Today we unveiled Facett, the world’s first modular self-fit hearing aid.
This breakthrough in hearing technology was assisted by the Australian government
and is the result of a partnership between Blamey Saunders hears and leading
Dr Elaine Saunders said, “We are on a mission to help Australians hear better
at an affordable price. Facett is the culmination of decades of work, and the
many scientific advances we’ve made in hearing. Facett is a true collaboration
between science and design. It’s part of a digital health system that empowers
people to self-manage their hearing experience.We’re also very proud that Facett
has been designed and manufactured in Victoria.
Blamey Saunders has been keeping busy pursuing our goal of providing high quality hearing
solutions to more Australians, at much more affordable prices. Over the last year Dr
Elaine Saunders and the company have received some new awards, recognising our work.
Head over to our awards page to learn about some of the awards we’ve recently won.
The Free One Hour Hearing Aid Experience (expired)
Sorry, this offer is no longer available.
It was active for March 2016.
For the month of March, Melbourne clinic clients will be given the chance to
try our award winning hearing system for free (normally $180). Spots are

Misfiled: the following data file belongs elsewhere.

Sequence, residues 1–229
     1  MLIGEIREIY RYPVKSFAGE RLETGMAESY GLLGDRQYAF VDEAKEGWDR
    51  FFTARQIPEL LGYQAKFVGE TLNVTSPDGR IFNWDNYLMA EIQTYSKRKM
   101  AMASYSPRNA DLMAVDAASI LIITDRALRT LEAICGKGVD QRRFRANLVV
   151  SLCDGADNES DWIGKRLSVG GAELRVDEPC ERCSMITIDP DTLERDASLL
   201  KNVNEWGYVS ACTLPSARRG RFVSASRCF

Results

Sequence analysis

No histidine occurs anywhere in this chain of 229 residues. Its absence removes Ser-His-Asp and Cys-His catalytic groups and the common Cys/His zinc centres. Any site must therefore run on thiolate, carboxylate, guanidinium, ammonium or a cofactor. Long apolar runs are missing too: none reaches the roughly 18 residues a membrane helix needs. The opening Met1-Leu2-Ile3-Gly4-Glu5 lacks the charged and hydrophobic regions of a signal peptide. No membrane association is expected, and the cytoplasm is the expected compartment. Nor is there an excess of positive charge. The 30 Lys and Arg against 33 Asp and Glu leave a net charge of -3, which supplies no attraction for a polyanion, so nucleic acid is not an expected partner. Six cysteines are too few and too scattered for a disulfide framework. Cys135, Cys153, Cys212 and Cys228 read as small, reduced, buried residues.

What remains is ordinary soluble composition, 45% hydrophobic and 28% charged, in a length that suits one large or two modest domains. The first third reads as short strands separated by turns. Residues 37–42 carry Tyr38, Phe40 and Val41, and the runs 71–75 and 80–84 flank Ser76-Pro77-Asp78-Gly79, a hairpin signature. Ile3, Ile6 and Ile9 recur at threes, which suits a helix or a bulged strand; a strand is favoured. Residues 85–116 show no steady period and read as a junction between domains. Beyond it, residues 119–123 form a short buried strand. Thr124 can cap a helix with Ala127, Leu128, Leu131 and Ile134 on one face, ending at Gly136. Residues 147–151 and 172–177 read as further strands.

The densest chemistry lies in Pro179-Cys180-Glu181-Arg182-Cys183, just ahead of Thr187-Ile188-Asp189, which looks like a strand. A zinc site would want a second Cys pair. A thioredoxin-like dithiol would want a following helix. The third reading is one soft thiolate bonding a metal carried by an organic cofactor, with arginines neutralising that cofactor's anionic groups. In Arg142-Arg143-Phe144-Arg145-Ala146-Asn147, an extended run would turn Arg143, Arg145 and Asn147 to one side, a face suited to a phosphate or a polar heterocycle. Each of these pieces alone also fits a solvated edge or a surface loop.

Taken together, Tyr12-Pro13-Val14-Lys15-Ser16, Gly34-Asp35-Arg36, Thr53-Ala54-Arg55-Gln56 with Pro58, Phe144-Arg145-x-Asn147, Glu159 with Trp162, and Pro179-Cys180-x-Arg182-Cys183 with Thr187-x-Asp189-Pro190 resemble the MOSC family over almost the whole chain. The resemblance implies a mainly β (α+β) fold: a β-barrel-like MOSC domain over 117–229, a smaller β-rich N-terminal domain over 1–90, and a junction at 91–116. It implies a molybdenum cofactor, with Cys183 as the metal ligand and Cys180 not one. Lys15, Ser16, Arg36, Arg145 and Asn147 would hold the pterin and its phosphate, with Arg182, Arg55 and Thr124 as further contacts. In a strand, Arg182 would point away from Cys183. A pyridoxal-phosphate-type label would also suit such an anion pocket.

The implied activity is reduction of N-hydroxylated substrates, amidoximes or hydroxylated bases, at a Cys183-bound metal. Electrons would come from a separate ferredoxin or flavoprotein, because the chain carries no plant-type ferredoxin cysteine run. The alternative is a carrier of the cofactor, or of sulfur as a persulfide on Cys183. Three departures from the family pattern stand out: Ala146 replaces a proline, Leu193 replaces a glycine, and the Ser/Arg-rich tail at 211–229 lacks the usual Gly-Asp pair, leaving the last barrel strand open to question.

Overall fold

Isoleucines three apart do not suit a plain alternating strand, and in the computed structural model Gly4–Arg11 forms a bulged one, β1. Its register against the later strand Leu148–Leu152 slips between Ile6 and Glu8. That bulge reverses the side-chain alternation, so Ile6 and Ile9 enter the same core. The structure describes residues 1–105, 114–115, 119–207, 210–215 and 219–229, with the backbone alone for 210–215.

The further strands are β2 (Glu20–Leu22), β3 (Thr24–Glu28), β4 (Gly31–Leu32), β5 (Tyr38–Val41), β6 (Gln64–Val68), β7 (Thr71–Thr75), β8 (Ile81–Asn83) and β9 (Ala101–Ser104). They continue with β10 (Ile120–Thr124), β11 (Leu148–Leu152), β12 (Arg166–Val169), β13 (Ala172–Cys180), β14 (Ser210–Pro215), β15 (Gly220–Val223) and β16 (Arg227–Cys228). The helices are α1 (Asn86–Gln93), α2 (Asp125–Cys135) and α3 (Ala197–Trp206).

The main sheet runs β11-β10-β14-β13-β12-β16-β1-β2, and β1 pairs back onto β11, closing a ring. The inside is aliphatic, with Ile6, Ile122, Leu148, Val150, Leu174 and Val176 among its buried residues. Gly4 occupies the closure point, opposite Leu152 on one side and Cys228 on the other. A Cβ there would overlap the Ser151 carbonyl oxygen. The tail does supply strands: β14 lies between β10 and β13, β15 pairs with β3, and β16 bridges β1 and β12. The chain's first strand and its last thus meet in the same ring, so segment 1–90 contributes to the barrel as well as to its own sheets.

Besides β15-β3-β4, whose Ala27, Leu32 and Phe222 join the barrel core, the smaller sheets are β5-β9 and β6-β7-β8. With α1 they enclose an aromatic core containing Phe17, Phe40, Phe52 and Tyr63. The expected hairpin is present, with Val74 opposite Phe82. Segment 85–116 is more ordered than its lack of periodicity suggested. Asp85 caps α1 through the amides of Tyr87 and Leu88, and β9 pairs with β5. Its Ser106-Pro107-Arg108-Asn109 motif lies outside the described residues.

limited, so secure your appointment today.
Blamey Saunders hears is pleased to announce that our state of the art hearing
clinic is now open in Martin Place, Sydney. We captured the official launch on
video – watch it now, and keep an ear out for Phillip Adams!
In recognition of being “trend-setters in attitude and actions”, Blamey Saunders was recently named the Overall
Winner of Anthill Magazine’s Cool Company awards, beating 5,000 nominees. We also received the ‘Social Capitalist’
award in recognition of our determination to keep doing things differently; to serve the community and to improve the lives
of people with hearing difficulties in a better, smarter and much more affordable way.
Melbourne scientists develop free online hearing test
The new web-based test that uses words, not beep tones, could help as many as four
million Australians who suffer with hearing loss.